The Center of Wellness & Nutrition at Vivekananda Hospital, Hyderabad guides the patient for a holistic healing at multiple stages of the disease aiming at complete well being of the patient. The experts combine various therapies, physical activities, diet and nutrition along with regular monitoring, assessment, intervention, diagnosis to provide customized preventive & recovery plans for the individual needs of the patients in all age groups. The center takes complete and close care of dietary and nutrition needs of the in-patients in pre-operative, post-operative and later stages to ensure fast recovery and overall wellness of the patients.
Wellness is a modern term with a long history. The essential ideas of health as a preventive and holistic practice may be traced back to ancient civilizations from the East (India, China) to the West (the United States) (Greece, Rome). Parallel to mainstream medicine in 19th-century Europe and the United States, several intellectuals, religious, and medical movements arose. These movements have laid a solid foundation for today’s wellness, emphasizing holistic and natural techniques, self-healing, and preventive treatment. Since the 1960s/1970s, thanks to the writings and thought leadership of an informal network of US physicians and thinkers, wellness-focused and holistic approaches has received increased visibility (such as Halbert Dunn, Jack Travis, Don Ardell, Bill Hettler, and others). These have informed the healthy-living, self-help, self-care, exercise, nutrition, food, and spiritual practices that have become a flourishing wellness movement in the twenty-first century. They have evolved, expanded, and gone mainstream.
According to the Global Wellness Institute, Wellness is the active pursuit of activities, choices, and lifestyles that lead to holistic health.
This definition has two crucial components. To work, wellness is not a passive or static state but rather an “active pursuit,” including intentions, choices, and behaviors as we strive for optimal health and wellbeing. Second, wellness is linked to holistic health, encompassing many distinct dimensions that should all operate together in harmony.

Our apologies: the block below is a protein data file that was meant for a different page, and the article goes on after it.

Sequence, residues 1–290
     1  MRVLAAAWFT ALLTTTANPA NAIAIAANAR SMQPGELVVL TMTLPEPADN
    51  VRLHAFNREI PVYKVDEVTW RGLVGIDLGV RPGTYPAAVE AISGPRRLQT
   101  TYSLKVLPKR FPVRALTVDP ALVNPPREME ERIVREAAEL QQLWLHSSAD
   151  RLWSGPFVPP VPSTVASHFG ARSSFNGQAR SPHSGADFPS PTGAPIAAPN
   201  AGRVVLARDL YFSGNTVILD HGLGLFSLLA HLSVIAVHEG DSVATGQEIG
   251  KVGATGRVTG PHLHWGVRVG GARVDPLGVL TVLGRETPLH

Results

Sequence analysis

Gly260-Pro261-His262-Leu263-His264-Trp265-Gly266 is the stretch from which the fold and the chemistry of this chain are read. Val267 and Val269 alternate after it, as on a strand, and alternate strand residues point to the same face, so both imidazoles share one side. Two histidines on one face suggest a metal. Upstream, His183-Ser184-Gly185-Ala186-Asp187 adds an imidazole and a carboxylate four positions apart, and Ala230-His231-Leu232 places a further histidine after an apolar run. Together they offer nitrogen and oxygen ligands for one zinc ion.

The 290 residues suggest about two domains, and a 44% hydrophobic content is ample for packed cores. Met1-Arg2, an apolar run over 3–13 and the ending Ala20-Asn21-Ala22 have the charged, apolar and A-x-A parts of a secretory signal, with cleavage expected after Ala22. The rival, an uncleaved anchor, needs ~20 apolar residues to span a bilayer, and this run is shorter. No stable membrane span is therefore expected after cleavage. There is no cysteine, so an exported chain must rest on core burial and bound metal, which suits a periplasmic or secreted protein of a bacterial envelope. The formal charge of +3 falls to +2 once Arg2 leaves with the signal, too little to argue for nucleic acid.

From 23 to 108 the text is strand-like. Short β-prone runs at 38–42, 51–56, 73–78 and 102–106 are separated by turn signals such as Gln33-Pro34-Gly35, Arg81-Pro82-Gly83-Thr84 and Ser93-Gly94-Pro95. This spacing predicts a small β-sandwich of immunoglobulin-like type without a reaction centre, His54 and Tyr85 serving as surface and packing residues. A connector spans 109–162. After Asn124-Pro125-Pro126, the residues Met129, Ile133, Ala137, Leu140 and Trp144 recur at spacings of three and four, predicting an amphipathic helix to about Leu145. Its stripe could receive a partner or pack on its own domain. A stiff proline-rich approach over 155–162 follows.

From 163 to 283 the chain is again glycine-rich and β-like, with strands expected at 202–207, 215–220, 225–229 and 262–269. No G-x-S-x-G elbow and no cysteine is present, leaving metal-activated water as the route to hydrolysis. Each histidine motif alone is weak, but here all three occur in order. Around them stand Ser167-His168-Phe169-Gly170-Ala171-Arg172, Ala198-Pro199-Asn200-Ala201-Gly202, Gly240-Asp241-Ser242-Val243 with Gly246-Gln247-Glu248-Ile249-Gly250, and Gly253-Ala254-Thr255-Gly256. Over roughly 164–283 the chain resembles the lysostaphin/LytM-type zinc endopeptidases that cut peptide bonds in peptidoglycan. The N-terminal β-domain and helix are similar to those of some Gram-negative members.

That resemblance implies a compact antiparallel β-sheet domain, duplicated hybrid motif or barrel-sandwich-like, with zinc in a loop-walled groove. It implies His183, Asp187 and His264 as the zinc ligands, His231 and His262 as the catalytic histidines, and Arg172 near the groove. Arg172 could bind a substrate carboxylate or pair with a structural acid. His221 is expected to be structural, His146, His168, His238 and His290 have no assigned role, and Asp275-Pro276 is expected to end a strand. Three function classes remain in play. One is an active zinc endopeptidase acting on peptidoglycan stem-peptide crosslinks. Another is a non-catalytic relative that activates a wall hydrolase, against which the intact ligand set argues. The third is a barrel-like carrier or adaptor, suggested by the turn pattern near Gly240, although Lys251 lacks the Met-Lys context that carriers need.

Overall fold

Wellness is an individual pursuit—we are responsible for our own choices, actions, and lifestyles—but it is influenced considerably by our physical, social, and cultural contexts.
Wellness is frequently conflated with concepts like health, happiness, and wellbeing. While they share some characteristics, fitness is distinguished because it does not refer to a static state of being (i.e., being happy, in good health, or a state of wellbeing). Instead, wellness is linked to an active process of awareness and decision-making that leads to optimal holistic health and wellbeing.
Wellness encompasses more than just physical wellbeing. Most wellness models include at least six dimensions (and sometimes as many as nine or twelve):
One way to think about wellness is to think of it as a continuum that runs from disease to ideal wellbeing.
On the one hand, individuals in poor health use the medical paradigm to treat ailments; they contact doctors and clinicians reactive and episodic manner. People, on the other hand, are proactive in their prevention and maximization of vitality. They adopt attitudes and lifestyles that help them avoid disease, improve their health, and increase their quality of life. To put it another way, wellness is proactive, preventative, and self-responsible. Wellness is a natural extension of this consumer value system and worldview.
Wellness is the process of incorporating healthy behaviors into one’s daily routine to achieve improved physical and mental health results, rather than just surviving. To grasp the relevance of wellness, it’s necessary to comprehend how it relates to health.